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dc.contributor.authorDixit, P. N.
dc.contributor.authorCooper, P. J. M.
dc.contributor.authorDimes, J.
dc.contributor.authorRao, K. P.
dc.coverage.spatialKitale
dc.coverage.spatialKenya
dc.date.accessioned2016-04-19T20:29:43Z
dc.date.available2016-04-19T20:29:43Z
dc.date.issued2010
dc.identifier5891
dc.identifier.citationExperimental Agriculture 47(2): 317-338
dc.identifier.issn0014-4797
dc.identifier.issn1469-4441
dc.identifier.urihttp://hdl.handle.net/10919/70017
dc.descriptionMetadata only record
dc.description.abstractRainfed agriculture is the primary source of food production in sub-Saharan Africa (SSA). Recommendations for agricultural practices in the area are based upon agronomic crop research. However the research may not have been able to ‘sample’ the longer-term rain variability due to short, three- to five-year research durations and the short-term rainfall variations that occurred during the studies. Consequently, farmers cannot be adequately advised to cope with weather-induced risks over the longer-term. The study demonstrates that crop growth simulation models and weather generators can be used to assess the value of the outputs and analyze climate risk in a high potential maize production area in Kenya. An examination of the relative importance of radiation, water availability, and temperature at various maize growth stages corresponded well with crop physiological research presented within the article.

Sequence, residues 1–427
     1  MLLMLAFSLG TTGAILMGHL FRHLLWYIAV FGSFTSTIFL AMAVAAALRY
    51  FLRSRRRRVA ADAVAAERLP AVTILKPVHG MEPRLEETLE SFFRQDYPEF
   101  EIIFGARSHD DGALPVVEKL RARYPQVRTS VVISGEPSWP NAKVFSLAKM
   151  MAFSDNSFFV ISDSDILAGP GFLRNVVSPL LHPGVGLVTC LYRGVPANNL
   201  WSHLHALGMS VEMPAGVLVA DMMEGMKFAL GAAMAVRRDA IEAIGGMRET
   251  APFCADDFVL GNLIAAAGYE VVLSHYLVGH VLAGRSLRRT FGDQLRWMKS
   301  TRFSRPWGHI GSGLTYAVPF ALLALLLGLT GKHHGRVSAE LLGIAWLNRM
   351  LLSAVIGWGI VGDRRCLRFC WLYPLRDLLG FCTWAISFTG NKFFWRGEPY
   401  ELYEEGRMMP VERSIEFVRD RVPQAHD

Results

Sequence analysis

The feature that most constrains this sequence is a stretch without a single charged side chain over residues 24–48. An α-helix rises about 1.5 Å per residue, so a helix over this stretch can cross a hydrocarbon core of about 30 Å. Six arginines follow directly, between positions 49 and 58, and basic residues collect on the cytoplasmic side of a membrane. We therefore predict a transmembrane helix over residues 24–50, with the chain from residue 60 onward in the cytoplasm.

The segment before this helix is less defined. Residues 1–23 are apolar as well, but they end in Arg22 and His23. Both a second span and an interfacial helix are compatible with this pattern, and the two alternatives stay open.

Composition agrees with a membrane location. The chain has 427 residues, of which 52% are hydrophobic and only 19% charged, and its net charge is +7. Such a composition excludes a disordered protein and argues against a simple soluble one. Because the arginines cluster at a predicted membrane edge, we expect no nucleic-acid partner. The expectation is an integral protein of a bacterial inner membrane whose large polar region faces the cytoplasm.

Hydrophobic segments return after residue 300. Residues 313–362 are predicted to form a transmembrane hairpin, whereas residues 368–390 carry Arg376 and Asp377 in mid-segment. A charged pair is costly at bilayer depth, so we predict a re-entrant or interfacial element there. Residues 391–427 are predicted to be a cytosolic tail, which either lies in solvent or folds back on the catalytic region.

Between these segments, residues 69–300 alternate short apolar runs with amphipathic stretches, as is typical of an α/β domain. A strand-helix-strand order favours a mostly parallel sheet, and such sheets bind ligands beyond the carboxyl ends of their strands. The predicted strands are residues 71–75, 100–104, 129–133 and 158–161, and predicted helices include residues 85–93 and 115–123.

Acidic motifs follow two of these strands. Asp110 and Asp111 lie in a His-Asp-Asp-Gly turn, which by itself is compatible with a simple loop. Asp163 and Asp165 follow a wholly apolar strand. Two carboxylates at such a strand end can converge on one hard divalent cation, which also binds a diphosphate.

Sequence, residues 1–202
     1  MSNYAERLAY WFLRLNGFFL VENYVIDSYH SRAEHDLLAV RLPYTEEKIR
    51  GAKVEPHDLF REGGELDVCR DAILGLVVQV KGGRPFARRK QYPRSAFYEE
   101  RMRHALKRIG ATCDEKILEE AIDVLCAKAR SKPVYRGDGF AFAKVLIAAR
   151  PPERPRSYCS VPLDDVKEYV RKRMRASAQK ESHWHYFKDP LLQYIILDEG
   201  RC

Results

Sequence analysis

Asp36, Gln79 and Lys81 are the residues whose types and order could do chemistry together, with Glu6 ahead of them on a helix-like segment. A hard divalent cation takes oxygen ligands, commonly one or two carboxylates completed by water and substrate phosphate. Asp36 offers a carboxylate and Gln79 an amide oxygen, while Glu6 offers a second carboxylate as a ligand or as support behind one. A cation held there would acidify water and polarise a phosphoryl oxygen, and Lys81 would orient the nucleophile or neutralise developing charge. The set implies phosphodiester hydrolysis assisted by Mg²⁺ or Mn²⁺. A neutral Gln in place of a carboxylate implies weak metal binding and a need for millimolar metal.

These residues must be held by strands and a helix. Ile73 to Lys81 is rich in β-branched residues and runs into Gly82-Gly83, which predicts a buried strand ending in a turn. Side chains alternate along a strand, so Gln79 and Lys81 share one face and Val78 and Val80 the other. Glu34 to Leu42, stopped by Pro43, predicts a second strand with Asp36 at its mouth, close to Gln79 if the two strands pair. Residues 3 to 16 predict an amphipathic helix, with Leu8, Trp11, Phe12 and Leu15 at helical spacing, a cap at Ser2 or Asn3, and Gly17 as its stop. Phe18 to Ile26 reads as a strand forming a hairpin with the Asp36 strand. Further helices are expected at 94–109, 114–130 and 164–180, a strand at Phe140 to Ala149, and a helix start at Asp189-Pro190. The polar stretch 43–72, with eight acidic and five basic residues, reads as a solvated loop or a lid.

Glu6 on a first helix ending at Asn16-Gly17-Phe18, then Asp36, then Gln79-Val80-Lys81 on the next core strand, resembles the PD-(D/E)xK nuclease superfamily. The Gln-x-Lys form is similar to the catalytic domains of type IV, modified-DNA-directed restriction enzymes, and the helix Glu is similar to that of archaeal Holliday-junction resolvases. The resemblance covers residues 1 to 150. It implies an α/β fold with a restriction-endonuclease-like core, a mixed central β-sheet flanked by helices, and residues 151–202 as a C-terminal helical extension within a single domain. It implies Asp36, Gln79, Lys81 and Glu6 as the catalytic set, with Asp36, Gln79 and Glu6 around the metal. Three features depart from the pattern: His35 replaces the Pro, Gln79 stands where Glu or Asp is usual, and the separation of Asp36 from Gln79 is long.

dc.format.mimetypetext/plain
dc.language.isoen_US
dc.publisherCambridge University Press
dc.rightsCopyright 2011 by the Cambridge University Press. All rights reserved.
dc.subjectFood security
dc.subjectTraining
dc.subjectModeling
dc.subjectAdoption of innovations
dc.subjectVulnerability and risk
dc.subjectRainfed agriculture
dc.subjectFood production
dc.subjectSub-Saharan Africa
dc.subjectWeather-induced crop risks
dc.subjectSimulation modeling
dc.subjectWeather generators
dc.subjectCrop physiological research
dc.titleAdding value to field-based agronomic research through climate risk assessment: A case study of maize production in Kitale, Kenya
dc.typeAbstract
dc.contributor.departmentSustainable Agriculture and Natural Resource Management (SANREM) Knowledgebaseen_US
dc.identifier.doihttps://doi.org/10.1017/S0014479710000773
dc.type.dcmitypeText


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